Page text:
RIVERDALE -- The city attorney says it is illegal for the city to help fund a Communities that Care program at this time.
Weber-Morgan Human Services representatives have approached Riverdale, Washington Terrace, South Ogden and Uintah about partnering to form the program that would hire a coordinator and form a coalition of elected officials, school representatives, law enforcement officials and community members to look at substance abuse risk factors and create and implement a plan to address those factors. They expect the program to be funded by contributions from the cities, their agency, the state and federal grants.
At a prior city council meeting, county representatives said Riverdale is the only entity that has not pledged support.
City Attorney Steve Brooks said both state law and city ordinance require a public process for any charitable contribution. He said if the money is not included in the budget, a public hearing is necessary along with data that shows the program would "serve a corporate purpose" and benefit the residents of Riverdale.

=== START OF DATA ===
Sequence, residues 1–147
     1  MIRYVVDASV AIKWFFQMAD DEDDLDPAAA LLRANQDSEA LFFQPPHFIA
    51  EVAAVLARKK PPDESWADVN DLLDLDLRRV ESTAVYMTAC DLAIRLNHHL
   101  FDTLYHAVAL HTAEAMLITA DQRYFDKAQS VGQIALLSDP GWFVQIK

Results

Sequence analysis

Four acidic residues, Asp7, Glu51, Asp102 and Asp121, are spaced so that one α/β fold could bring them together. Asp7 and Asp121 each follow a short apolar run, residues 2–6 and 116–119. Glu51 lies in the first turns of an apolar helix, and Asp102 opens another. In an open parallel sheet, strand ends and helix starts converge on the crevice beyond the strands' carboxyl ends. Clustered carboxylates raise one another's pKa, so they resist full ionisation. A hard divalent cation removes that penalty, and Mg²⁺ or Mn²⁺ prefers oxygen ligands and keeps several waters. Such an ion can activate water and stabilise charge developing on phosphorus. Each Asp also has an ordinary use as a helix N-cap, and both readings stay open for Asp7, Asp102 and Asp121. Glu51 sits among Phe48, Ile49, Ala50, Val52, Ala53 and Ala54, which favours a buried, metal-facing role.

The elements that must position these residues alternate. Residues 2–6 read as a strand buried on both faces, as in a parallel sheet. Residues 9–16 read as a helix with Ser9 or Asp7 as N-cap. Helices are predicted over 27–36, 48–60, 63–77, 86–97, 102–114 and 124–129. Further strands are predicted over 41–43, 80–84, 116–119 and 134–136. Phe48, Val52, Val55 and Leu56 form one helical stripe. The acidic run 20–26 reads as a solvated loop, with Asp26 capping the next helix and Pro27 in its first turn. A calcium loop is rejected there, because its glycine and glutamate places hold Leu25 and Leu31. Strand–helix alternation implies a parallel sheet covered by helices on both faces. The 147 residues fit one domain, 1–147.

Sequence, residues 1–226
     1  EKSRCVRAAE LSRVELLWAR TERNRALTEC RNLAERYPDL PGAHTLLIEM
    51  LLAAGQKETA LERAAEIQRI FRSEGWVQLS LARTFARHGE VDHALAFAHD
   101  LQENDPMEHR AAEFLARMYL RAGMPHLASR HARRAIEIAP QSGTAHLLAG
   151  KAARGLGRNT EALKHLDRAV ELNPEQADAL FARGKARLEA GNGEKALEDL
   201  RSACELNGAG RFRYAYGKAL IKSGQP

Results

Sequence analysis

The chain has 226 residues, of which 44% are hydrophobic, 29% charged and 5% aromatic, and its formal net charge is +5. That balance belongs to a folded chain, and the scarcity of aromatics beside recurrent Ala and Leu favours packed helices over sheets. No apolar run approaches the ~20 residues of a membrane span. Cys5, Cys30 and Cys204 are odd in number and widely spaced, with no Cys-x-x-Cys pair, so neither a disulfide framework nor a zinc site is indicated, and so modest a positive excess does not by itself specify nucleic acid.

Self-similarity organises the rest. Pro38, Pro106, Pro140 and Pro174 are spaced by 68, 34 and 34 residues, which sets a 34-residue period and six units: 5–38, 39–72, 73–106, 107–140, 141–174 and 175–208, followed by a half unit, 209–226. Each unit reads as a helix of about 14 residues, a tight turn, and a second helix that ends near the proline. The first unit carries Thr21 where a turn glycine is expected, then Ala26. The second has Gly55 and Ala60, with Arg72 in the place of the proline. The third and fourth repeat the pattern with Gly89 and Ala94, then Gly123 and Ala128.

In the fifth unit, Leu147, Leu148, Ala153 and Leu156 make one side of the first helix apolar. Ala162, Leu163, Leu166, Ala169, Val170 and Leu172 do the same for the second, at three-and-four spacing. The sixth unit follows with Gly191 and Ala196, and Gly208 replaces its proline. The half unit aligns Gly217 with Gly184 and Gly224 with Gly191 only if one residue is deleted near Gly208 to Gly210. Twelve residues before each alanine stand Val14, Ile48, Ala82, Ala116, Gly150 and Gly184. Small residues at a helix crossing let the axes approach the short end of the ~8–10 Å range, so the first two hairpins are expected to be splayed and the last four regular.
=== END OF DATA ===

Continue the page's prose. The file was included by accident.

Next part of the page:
"They have good intentions and good programs, but the money in our budget comes from the citizens. There needs to be an openness to our processes, whether it's for these guys or the Lakettes. We can't just give them this money without a process," Brooks said.
Mayor Bruce Burrows said Weber-Morgan Human Services has not followed up with the city's request for information about how the program has benefited other cities and how it is different from the Drug Abuse Resistance Education program already in place at the schools.
"We want to know how it is more, better, or different than what we're already doing," Burrows said.
Washington Terrace City Councilwoman Mary Johnston reported at her city council meeting that Weber-Morgan Human Services is asking Washington Terrace for $2,500 and will ask the council to approve an interlocal agreement in January.